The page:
Date: 7/28/2015
What are you referring to with the "caliper drag screw"
Sebastian
Date: 8/29/2015
Hello, I'm working on my CB350 front brakes. I have bought and replaced the caliper and pads. Now i'm having a problem not being able to bleed the system completely which is normally pretty easy and standard. Problem: Brake fluid jumps out of the master cylinder when i tried to pump the air out of the lines. I've already tried all the methods. - Pumping the master cylinder and opening the bleeder screw. Same thing. - Used a syringe from the bleeder screw to push fluid up. Same thing. - Used a little pump that sucks the air while inserts the fluid. Same thing. The fluid keeps jumping up out of the master cylinder. I've already taken apart the caliper, rebuild the master cylinder and cleaned the brake switch joint, but nothing seems to work. Any ideas?? Thank you. Sebastian
Joseph
Date: 9/30/2015
I am actually having the same exact problem as Sebastian, after rebuilding master cylinder, I added fresh brake fluid and opened the bleeder valve, pumped the brake, felt a little make its way down the hose, but then just stopped, the fluid just "jumps" up from the reservoir and nothing comes out the other end. A real bummer, cause I finally got this old 350f running nicely and I can't take her out for a spin till this is straightened out! Someone help us salvage these bikes!
Robert Alexander
Date: 1/21/2016
I have a 1972 CL 350K4 Honda that I am putting together. I stripped the front end off of a 1973 CB 350G so I could have the disc brake setup. My only problem I have is I do not have the 3-way fitting that goes on the lower triple clamp for the pressure switch for the brake light. I was thinking about using stainless braided lines and just trying to find a block that would work for the switch. I would have to probably have to have some lines made up due to the type of fitting that goes on these brake calipers. Do you have anything like this in your shop that you could recommend for me? I have an after market master cylinder and a reproduction caliper as mine was totally toast, but it exactly like the original with the inlet for a flared line fitting! Any info would be greatly appreciated, thank you!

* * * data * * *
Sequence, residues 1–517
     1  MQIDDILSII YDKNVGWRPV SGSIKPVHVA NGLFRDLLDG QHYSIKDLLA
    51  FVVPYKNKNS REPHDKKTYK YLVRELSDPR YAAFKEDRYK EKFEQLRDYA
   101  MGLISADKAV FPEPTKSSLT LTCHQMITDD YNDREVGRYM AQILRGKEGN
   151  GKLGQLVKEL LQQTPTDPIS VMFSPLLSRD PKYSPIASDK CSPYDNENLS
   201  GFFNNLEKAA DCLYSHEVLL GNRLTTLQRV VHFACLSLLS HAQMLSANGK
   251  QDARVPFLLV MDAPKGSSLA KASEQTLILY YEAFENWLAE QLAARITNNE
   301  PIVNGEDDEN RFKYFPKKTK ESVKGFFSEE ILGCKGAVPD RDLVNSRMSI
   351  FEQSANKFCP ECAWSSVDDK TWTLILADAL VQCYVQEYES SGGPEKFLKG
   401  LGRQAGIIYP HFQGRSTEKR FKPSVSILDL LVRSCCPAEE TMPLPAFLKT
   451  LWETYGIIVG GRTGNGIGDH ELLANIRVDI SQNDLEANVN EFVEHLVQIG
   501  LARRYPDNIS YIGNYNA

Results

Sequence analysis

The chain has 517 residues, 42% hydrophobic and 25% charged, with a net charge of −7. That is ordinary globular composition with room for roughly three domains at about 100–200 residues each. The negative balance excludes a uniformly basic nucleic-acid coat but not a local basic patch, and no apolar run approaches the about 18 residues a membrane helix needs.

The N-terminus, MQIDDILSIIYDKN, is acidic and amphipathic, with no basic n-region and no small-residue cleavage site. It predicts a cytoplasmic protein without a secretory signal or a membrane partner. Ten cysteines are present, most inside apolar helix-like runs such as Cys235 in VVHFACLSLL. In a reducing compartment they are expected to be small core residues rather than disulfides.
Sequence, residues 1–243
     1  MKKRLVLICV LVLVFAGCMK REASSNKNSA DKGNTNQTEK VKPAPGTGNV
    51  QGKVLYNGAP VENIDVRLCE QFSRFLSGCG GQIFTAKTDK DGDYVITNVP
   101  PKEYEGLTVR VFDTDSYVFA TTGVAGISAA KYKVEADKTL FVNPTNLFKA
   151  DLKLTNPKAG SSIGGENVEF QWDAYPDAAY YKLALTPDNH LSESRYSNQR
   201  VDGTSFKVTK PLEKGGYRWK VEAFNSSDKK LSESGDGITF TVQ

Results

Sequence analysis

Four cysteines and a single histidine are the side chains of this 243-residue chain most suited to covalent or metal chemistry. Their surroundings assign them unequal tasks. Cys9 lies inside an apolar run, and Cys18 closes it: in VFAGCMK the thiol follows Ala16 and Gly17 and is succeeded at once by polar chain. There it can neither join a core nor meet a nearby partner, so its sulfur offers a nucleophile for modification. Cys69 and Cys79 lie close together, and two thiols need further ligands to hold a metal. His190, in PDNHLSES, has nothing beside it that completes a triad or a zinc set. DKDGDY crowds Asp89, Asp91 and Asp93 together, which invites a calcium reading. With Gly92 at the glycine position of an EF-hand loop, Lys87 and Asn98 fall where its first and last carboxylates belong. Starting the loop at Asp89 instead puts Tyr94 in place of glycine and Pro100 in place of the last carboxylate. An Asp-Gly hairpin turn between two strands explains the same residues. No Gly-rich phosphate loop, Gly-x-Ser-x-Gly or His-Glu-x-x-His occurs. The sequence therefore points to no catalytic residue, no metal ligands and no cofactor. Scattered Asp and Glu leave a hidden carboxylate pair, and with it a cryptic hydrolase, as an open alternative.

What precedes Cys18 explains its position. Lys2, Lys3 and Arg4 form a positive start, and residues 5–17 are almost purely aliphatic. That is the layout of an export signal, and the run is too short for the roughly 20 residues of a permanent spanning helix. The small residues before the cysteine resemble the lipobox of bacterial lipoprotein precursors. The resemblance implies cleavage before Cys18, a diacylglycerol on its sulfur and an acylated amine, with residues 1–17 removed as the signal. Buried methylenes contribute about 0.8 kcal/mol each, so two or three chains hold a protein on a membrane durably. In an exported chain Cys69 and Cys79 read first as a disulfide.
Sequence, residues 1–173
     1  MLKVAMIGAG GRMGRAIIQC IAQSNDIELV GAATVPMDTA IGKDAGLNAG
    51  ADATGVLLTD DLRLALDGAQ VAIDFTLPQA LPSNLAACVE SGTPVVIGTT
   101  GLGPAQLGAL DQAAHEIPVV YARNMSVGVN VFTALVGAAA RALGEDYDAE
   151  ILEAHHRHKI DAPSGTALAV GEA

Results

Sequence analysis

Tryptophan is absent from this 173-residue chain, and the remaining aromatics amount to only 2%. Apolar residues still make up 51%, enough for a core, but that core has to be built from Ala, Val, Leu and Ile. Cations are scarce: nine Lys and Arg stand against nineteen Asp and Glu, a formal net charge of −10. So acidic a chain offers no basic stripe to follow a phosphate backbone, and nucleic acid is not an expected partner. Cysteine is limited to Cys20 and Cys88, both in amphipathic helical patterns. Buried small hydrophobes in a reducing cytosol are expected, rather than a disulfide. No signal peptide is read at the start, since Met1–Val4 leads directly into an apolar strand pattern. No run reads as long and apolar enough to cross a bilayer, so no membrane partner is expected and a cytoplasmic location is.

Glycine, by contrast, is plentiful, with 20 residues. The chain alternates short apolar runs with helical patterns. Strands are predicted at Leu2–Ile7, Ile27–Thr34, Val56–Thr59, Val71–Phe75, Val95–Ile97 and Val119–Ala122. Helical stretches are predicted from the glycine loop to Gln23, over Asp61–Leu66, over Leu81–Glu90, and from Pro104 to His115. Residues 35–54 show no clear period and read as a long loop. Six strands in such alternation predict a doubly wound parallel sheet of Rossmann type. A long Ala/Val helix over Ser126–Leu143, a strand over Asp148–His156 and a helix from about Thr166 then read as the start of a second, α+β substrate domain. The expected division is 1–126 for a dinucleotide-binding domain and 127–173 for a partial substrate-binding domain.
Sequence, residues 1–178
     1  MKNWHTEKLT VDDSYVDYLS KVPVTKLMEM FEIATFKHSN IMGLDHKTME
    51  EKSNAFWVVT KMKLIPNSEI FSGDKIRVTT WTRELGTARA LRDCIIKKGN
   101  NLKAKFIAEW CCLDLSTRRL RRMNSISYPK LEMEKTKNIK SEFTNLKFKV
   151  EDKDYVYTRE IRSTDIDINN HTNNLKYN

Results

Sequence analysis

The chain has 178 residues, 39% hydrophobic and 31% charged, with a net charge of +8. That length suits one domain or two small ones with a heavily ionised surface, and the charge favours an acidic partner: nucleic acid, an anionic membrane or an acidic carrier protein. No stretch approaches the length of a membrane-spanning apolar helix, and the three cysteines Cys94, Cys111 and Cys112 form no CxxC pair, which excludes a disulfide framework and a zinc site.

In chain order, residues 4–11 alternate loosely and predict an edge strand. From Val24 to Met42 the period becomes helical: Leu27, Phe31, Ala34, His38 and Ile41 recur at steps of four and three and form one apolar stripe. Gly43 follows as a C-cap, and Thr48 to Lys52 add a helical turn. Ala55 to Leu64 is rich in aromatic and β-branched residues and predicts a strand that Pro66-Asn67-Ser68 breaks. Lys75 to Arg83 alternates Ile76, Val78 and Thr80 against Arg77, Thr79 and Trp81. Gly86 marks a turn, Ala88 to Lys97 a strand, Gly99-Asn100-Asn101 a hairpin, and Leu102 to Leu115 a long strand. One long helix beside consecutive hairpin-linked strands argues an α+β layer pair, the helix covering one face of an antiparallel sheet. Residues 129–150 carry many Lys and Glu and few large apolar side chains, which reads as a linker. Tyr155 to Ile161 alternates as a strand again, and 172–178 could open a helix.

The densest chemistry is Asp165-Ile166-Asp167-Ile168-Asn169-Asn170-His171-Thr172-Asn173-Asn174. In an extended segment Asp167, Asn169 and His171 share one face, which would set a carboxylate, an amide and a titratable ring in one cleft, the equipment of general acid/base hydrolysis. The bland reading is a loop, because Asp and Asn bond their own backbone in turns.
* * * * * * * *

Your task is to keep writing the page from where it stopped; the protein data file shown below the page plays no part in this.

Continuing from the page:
Robert Alexander
Date: 1/21/2016
I have a 1972 CL 350K4 Honda that I am putting together. I stripped the front end off of a 1973 CB 350G so I could have the disc brake setup. My only problem I have is I do not have the 3-way fitting that goes on the lower triple clamp for the pressure switch for the brake light. I was thinking about using stainless braided lines and just trying to find a block that would work for the switch. I would have to probably have to have some lines made up due to the type of fitting that goes on these brake calipers. Do you have anything like this in your shop that you could recommend for me? I have an after market master cylinder and a reproduction caliper as mine was totally toast, but it exactly like the original with the inlet for a flared line fitting! Any info would be greatly appreciated, thank you!
morris crain
Date: 5/13/2016
1974 cb360g rebuilt master and replaced square ring in caliper. Great bores in both units. New pads. Caliper swing arm is free. Made caliper adjustment per manual. Front brake has a heavy drag after a few stops. HELP